Papers by Keyword: Electrical Steel

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Authors: Shuang Hong Wang, Yong Feng Long, Shi Lu Zhao, Cheng Qiang An, Ke Ding
Abstract: The water-based paint had been examined to prepare a new chromate-free insulating coating on silicon steels. The structure of the insulating coating was characterized by scanning electron microscopy, energy dispersive spectroscopy and infrared spectroscopy. Adhesion, high temperature annealing, and surface insulating resistance were measured. Corrosion resistance was investigated by neutral salt spray test and electrochemical test. Results exhibited that the insulating coating had excellent comprehensive performance. The adhesive level was 5B degree; the high temperature annealing test showed no coating degradation after heat treatment of 2 h at 450 °C in air or at 750 °C in nitrogen; the salt spray test showed the corrosion area was less than 2 % after the 12 h salt spray; when the coating thickness was 1.0-1.2 μm, the surface insulating resistance value was 380-420 Ω/mm2.
Authors: K. Eloot, Annick De Paepe, J. Dilewijns, C. Standaert
Authors: Yvan Houbaert, T. Ros Yáñez, Marta Prado
Authors: Pornthep Chivavibul, Manabu Enoki, Shigeru Konda, Yasushi Inada, Tamotsu Tomizawa, Akira Toda
Abstract: A possibility to reduce core loss in non-oriented (NO) electrical steel by applying magnetic coating has been investigated. This technique involves electroless plating of magnetic coating onto the surface of electrical steel. The material system was NiCoP coatings with different thicknesses (1, 5, and 10 􀁐m) deposited onto the surface of commercially available Fe-3%Si NO electrical steel. Characterization of deposited NiCoP coating was carried out using X-ray diffraction (XRD), scanning electron microscope (SEM) and energy dispersive X-ray (EDX) spectrometer. The deposited Ni-Co-P coatings were amorphous/nanocrystalline and composed of 56-59% Ni, 32-35% Co and 8-10% P by mass. Effect of coatings on core loss of the electrical steel was determined using a single sheet test. A core loss reduction was achieved with the NiCoP coating with a thickness of 1 􀁐m magnetized at a magnetic flux density of 0.3T.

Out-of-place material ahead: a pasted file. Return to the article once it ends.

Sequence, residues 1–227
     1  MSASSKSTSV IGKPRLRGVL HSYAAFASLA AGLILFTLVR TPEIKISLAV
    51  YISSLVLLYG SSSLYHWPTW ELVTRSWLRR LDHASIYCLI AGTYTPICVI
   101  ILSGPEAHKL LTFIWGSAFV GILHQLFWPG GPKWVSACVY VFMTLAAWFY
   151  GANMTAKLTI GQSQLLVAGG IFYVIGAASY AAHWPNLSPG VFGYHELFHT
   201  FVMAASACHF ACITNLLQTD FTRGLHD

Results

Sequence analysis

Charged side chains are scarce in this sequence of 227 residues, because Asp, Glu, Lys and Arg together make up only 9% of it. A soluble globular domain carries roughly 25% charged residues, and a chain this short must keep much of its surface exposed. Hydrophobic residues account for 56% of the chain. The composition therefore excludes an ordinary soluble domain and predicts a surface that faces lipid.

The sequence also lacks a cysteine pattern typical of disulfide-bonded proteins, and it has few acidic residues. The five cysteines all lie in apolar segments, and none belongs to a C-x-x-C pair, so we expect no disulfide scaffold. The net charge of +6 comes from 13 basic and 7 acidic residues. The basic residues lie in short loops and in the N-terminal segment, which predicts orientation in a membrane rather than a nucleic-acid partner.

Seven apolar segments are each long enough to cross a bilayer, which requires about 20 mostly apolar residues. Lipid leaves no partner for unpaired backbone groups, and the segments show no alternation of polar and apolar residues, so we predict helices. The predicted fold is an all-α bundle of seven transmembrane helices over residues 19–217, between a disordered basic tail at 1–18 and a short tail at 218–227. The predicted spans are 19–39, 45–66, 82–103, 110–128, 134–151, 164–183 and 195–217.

Authors: Alina Agüero, F.A. Actis, H.R. Moyano, O. Casais
Authors: Enrique Díaz Barriga-Castro, Armando Salinas-Rodríguez, Enrique Nava-Vázquez
Abstract: The aim of the present work is to determine the austenite to ferrite transformation temperatures in a Si-Al non-oriented electrical steel. Critical transformation temperatures on heating and cooling are determined using an in-situ X-ray diffraction technique where the specimen is heated or cooled in a stepwise manner. The transformation temperatures are estimated from changes in the intensities of the (110)α and (111)γ peaks as a function of temperature. The time evolution of the microstructure resulting from isothermal heat treatments at temperatures between 800 and 1000 °C applied after cooling from 1050 °C is followed by quantitative metallography on samples quenched into water. The results show that, on cooling, formation of ferrite starts at about 950 °C and ends at 790 °C, indicating a strong effect of Si and Al on the austenite to ferrite and eutectoid transformations. These results suggest that the low tensile ductility exhibited by this material at temperatures near 1000 °C can be attributed to strain localization in strain-induced ferrite formed at temperatures as high as 1025 °C.
Authors: Pablo Rodriguez-Calvillo, Juergen Schneider, Yvan Houbaert
Abstract: Steel containing a high Si-content is mainly used as electrical steel in flux carrying electrical machines. These materials are divided in the categories: grain oriented and non oriented electrical steels, mainly used in transformers and electrical motors, respectively. Their industrial production is normally limited to silicon contents lower than 3.5 m.-%, due to the generation of brittle ordered structures if the Si content is increased beyond this value. The paper reports on microstructure and texture evolution during processing by rolling of electrical steel in the high Si-range. The materials studied are two industrial electrical steels with a silicon content of 2.4 and 3.2 m.-%, their situation was as-received after hot rolling and industrial annealing. The different processing parameters, as rolling temperatures and cooling conditions have a strong influence on the final microstructures and textures. The importance of hot rolling and intermediate annealing processes is enhanced since above 2 m.-% Si these steels do not experience the usual α-γ-α phase transformation, because they present a bcc crystal structure over the entire solidus domain. Consequently, their microstructures and textures are strongly inherited from the earlier processing steps into the final product. The as-received materials were cold rolled with a nominal reduction of 75%. Their microstructures and textures were analysed by EBSD. The results obtained were compared with those of the industrial hot band. The textures were studied by the interpretation of the most important crystallographic fibre textures, extracted from the ODF’s of φ2 = 45o section of the Euler space. Special attention was given to the evolution of the most important magnetic textural components. Although in terms of grain shape, IQ, texture and normalised thickness position or ‘s’-parameter the microstructures obtained before and after cold rolling are totally different, the overall crystallographic textures seem not to differ very much.